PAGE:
Addition of Endpoints Impedes Healthcare Cybersecurity

| July 22, 2016

Mobile Medical Devices

Scott Wallask, Editorial Director, SearchHealthIT

When i think of healthcare information security for endpoints in hospitals, my mind usually wanders to my own technological setup at home. I’ve got a work laptop, personal laptop, TV streaming

stick, smartphone and DVD player all connected to my wireless network. Sometimes visitors hook their phones into the wireless router, too.

It certainly wouldn’t take much for, say, my kid to fool around with my streaming stick and download an HDTV app I didn’t want him watching. That’s an endpoint breach no parent wants to deal with.

It’s also a breach that could happen with me managing only five access points at home. Multiply that by tens of thousands of devices and you get an idea of the mountain that IT pros have to climb to ensure healthcare information security.

Pulse contributor Nicole Lewis talks to a pair of health system administrators about their approaches

to endpoint security and how living under the shadow of potential HIPAA violations has the attention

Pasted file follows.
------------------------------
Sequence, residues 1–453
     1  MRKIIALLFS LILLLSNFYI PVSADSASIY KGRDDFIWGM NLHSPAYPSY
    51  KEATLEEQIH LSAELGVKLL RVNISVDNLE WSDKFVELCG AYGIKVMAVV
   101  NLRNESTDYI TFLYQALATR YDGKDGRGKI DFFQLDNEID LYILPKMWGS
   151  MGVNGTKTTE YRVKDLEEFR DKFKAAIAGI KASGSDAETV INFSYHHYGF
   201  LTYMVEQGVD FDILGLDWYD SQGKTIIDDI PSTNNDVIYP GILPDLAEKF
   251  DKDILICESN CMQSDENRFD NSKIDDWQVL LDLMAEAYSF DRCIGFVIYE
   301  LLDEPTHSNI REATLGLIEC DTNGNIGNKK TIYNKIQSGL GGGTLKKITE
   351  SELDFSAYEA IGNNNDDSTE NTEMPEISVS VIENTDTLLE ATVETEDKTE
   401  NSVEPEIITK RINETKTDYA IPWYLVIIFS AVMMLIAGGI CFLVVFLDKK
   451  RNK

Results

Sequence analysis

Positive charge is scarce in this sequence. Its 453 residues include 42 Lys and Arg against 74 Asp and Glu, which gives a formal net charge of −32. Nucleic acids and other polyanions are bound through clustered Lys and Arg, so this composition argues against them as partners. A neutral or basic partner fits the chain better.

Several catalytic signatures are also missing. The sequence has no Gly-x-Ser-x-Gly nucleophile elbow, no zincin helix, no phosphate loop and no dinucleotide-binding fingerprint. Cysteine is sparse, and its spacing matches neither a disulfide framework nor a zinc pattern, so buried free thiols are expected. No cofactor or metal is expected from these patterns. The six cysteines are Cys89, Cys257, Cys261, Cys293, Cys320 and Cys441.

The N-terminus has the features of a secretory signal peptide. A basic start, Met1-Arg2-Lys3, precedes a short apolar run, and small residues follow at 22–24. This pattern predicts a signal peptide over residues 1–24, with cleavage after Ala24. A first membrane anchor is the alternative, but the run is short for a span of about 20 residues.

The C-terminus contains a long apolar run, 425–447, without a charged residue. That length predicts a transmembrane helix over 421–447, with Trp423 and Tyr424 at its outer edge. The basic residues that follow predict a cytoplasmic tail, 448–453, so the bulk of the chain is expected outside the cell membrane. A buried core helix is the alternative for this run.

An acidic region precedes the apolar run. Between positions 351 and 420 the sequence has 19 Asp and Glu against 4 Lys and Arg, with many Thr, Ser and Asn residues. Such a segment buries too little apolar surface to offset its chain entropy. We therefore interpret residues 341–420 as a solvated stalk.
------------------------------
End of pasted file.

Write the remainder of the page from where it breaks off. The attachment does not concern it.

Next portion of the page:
of health IT executives. On a related note, Shaun Sutner looks into security for imaging systems. The abundance of digitized images has increased worries about the security of protected health

information contained in those pictures.

Changing gears, Pulse explores how wearable health devices are out of reach for some people who need them the most. For example, diabetes is a widespread disease in the U.S. whose sufferers can benefit from reminders from wearables, yet many patients can’t afford or don’t see the value in owning the gadget, Kristen Lee reports. Clearly, the ramifications are much higher for diseased

patients compared to me and my entertainment options at home. If I don’t add a digital video recorder to my wireless network, I won’t truly suffer for it. But if someone has diabetes and can’t be reminded about blood sugar levels, the situation goes beyond convenience.

Wearables will add a whole new level of healthcare. I’m not sure if each device will serve as an access point into an EHR, but regardless, those devices will push more outside information into clinical systems. For healthcare IT executives, the onslaught continues.

Category: Uncategorized

Comments are closed.